I have written about New Year resolutions in the past (see here) but as a reminder, it is estimated that one third of resolutions don't make it past January - and many others falter soon after. A real shame, I know, as we start out with the best intentions possible. The key reason for this failure is that the intentions are far too ambitious and simply not realistic. So as January comes to a close, why not set your sights on something you might actually achieve and most importantly enjoy and want to continue.
The older I get the more important yoga has become to me, as my family, friends and wider yoga community will know (with a number of midlifeedit.com posts on the subject too) and. With regular yoga practice my body thrives, both physically and emotionally. I know many others midlifers like me and also those on both sides of the age divide really do want to bring yoga into their lives but don't know where to start.
For me, the key to great practice is the teacher. And that's not necessarily the one with thousands of likes on their Instagram or Facebook accounts either as some of the best teachers don't even use social media. They don't need to! One of my go-to teachers is Dublin-based Ros Hyde. A former lawyer and mother of 3 young children, Ros embodies all that is good about yoga with her calm demeanor, poise, flexibility and serious core strength.
Ros's tips for bringing yoga into your life:
the real beauty of yoga is that it is accessible to all - all body types and ages as it brings us closer to our inner self. One of the best ways to start is by attending an 'Introduction to Yoga' course. It's a really safe environment and a good teacher will explain the different styles of yoga, show you some poses and provide you with variations, if needed due to injury. You will then have some idea about the style of yoga that might suit you going forwards.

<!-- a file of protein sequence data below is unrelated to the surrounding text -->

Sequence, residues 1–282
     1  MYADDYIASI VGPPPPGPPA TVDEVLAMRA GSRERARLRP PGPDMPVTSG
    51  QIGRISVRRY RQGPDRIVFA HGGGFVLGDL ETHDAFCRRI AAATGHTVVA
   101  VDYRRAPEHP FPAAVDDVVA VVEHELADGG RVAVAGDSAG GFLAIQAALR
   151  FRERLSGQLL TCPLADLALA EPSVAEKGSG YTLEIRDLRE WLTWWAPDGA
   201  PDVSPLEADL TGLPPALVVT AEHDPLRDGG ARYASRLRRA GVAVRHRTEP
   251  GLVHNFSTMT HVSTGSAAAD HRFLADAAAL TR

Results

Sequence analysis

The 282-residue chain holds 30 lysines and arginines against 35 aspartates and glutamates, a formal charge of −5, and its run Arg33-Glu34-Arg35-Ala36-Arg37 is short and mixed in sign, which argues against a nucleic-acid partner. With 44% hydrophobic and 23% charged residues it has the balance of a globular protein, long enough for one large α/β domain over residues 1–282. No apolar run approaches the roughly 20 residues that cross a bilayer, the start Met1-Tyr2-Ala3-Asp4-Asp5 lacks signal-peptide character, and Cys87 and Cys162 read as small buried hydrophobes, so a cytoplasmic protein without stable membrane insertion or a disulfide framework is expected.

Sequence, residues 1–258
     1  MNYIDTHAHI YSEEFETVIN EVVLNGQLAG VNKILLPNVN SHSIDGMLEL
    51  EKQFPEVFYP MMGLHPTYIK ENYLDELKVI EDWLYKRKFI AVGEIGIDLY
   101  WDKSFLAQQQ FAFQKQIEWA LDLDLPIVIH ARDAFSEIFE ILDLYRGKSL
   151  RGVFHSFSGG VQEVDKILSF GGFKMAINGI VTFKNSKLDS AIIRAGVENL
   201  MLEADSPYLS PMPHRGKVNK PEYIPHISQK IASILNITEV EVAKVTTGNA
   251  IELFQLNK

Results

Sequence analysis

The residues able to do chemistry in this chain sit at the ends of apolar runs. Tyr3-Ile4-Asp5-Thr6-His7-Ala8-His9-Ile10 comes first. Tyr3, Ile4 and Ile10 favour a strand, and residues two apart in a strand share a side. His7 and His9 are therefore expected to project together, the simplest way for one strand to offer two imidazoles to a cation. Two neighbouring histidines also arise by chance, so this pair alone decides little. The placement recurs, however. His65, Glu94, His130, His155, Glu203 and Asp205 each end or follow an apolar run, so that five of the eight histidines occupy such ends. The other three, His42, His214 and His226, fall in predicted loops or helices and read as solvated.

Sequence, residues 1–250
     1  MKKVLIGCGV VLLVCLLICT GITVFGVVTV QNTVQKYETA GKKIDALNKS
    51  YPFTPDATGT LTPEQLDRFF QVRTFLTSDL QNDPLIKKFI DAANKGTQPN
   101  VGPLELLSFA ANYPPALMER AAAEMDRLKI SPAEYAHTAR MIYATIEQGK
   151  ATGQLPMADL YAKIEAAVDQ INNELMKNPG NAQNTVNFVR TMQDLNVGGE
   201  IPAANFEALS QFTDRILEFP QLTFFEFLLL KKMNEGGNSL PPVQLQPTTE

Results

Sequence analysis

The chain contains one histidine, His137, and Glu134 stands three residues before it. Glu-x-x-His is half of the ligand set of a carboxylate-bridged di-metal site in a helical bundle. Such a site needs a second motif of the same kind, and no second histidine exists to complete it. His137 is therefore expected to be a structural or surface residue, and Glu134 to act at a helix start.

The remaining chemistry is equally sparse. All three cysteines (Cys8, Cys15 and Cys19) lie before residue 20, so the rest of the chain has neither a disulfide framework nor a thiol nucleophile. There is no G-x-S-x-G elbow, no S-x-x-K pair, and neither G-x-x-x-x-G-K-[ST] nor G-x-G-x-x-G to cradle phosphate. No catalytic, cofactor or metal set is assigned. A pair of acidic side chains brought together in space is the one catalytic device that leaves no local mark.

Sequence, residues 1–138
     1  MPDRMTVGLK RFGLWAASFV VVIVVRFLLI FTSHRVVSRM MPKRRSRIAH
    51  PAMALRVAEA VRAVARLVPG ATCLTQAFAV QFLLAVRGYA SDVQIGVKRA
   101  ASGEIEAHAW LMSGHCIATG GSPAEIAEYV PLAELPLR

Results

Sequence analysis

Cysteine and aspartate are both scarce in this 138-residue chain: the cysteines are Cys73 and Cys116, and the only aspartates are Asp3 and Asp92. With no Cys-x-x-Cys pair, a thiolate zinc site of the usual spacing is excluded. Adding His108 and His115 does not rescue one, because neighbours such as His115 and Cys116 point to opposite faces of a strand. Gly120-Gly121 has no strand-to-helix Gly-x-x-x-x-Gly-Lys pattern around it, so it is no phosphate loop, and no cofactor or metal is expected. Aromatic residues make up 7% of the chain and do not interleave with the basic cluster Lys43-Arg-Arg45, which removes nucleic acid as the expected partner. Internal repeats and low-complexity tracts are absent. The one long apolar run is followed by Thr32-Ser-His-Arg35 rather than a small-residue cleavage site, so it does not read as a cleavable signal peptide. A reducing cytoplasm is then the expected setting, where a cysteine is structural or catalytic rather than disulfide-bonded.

What type of yoga is best me?
This really depends on what you are looking for from your practice. I practice yoga to calm my mind and bring balance to my physical body and so I enjoy a slower mindful practice with a focus on breathing and relaxation. This is hatha-style yoga at its best. There are many styles so try them to see what suits you best.
What should I look for when choosing a teacher and studio?
Studios will have their teachers’ profiles and qualifications on their websites. You may be drawn to a particular teacher because of a shared background for instance. It's worth trying a few different beginners’ classes to see what teaching style works for you. You will find a teacher whose practice and style of teaching resonates with you. Regarding studios - most provide a wonderfully supportive communal environment but again if you look around you will find one that is the right fit for you. It goes without saying that reputable studios will only engage qualified and experienced teachers.
What if I am very overweight?
Yoga is inclusive and certainly in the studios where I have taught everyone is welcomed and weight is not an issue. An experienced teacher will immediately put you at ease and will discreetly offer variations to poses when required.